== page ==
11-30-2012 05:12 AM
Perhaps my saying it wasn't a controversy is a bit strong...what I probably should have said is this is a "manufactured controversy". This is a negotiation...that the AMC networks chose to attempt to enflame the public is a tatic, pure and simple.
I submit, however, that I am not being pro network and provider or anti-consumer, but merely saying how the system is set up and how it will work without major, major changes. Content providers and networks are there to make money...period. I agree completely that because something is hard doesn't mean it shouldn't be done...but the truth is, setting up the system would be expensive, and the creation of that system would not recoup the money put into it. It would in fact cause a loss. There is no incentive to do that. Scream as we might, most people will still pay to see Honey Boo Boo from somebody.
I wish things were different. I look at the BBC model and marvel...they have everything from Downton Abbey to Dr. Who to reality shows that are still broadcast OVER THE AIR to satisfy any taste, and still can produce a whole channel of high quality RADIO DRAMA (BBC4). But I don't see the publicly funded radio and tv model coming here...what we have is controversial every election, when somebody targets and somebody defends PBS. So we're stuck with the for profit model...and we're too addicted to the product to really swear off and boycott enough to make the content providers change to keep their profits. I cite SyFy as an example...a channel based on science fiction that doesn't show science fiction anymore...just reality shows and wrestling, with I beleive only 3 scripted shows still running. As much as I used to love the channel, I hardly watch it at all anymore, and yet it's still making huge profits for NBC Universal. I wish it weren't true, but for every person that claims they would leave FIOS if AMC goes, there are 3 who would just change the channel to watch Duck Dynasty and 2 that can't change because their area only offers one or two choices, or have an expensive committment. (I admit I pulled those numbers out of thin air, but I suspect they are very close to the truth).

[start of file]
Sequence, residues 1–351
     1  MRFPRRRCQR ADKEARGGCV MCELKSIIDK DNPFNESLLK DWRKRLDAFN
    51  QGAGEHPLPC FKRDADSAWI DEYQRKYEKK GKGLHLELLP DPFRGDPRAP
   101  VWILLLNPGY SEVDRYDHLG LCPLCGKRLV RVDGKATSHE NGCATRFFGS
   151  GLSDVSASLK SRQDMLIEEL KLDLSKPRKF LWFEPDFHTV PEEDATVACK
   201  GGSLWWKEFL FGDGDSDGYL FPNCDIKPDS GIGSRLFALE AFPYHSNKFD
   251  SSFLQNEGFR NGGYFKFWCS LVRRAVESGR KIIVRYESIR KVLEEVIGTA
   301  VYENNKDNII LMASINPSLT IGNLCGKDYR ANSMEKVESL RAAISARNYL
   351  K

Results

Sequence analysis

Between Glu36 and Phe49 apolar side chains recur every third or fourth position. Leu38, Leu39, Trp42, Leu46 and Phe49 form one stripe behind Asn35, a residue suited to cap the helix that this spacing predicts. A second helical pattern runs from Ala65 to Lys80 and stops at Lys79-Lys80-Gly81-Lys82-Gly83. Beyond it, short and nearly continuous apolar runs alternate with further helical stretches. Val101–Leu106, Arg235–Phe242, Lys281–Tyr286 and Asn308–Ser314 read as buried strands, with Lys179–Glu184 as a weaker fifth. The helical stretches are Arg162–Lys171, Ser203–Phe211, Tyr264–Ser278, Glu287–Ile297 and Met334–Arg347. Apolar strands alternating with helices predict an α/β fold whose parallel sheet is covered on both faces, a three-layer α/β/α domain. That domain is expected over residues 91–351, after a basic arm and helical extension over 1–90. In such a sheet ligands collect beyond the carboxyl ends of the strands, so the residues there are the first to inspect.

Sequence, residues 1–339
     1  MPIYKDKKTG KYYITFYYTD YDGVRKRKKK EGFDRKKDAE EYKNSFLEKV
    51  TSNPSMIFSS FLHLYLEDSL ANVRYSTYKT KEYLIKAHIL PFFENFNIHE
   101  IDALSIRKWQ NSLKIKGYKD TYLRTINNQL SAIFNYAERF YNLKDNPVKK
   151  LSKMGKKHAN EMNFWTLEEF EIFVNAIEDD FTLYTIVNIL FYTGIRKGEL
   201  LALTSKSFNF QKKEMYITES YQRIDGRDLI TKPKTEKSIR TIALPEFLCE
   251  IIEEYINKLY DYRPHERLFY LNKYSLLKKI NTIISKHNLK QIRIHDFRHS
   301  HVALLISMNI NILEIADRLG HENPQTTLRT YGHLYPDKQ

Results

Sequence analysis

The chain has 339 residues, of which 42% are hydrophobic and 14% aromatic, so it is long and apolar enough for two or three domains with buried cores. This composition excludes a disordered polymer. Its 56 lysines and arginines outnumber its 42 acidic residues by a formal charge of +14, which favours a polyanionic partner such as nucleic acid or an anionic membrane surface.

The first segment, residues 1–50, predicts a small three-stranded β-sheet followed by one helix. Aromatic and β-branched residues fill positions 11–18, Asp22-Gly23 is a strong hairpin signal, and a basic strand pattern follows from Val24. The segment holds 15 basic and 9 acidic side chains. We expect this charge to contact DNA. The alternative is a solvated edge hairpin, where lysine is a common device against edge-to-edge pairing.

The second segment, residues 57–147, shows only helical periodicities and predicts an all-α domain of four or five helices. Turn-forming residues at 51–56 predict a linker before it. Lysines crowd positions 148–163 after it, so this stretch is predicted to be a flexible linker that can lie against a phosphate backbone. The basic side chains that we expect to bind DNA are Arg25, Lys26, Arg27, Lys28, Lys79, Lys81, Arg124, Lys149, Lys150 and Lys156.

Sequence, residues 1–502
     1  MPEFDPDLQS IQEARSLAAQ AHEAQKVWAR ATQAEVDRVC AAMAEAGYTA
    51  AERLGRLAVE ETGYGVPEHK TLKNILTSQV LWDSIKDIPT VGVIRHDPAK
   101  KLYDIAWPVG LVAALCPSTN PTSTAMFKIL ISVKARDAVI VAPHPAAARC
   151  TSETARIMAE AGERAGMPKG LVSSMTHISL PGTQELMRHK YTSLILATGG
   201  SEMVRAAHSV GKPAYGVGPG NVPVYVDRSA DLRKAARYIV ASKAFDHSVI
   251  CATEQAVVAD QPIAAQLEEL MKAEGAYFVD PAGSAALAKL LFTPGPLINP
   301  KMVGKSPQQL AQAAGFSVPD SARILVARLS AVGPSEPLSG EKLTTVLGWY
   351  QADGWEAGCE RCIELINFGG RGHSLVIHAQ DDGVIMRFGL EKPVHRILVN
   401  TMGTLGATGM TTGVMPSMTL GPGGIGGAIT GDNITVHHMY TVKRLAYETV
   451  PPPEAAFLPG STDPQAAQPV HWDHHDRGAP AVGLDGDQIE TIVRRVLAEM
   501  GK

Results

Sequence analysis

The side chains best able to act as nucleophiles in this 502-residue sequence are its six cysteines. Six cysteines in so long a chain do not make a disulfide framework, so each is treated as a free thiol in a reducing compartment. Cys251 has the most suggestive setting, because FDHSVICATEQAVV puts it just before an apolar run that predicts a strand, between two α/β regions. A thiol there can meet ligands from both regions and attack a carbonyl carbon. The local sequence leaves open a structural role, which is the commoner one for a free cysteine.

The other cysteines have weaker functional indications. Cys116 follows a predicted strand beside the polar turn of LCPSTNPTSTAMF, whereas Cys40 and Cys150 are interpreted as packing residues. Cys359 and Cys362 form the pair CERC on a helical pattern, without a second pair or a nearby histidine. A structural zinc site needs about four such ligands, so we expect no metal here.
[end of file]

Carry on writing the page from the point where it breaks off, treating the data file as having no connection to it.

12-01-2012 03:33 PM
PBWeng wrote:. I cite SyFy as an example...a channel based on science fiction that doesn't show science fiction anymore...just reality shows and wrestling, with I beleive only 3 scripted shows still running. As much as I used to love the channel, I hardly watch it at all anymore, and yet it's still making huge profits for NBC Universal.
Yeah, I stopped watching SyFy also...not just because they don't program any science-fiction...but because even the few scripted shows they have are generic garbage. I'm astounded that anyone still enjoys any of their programs. If any of the SyFy shows were on NBC, they'd have been cancelled after just a few episodes.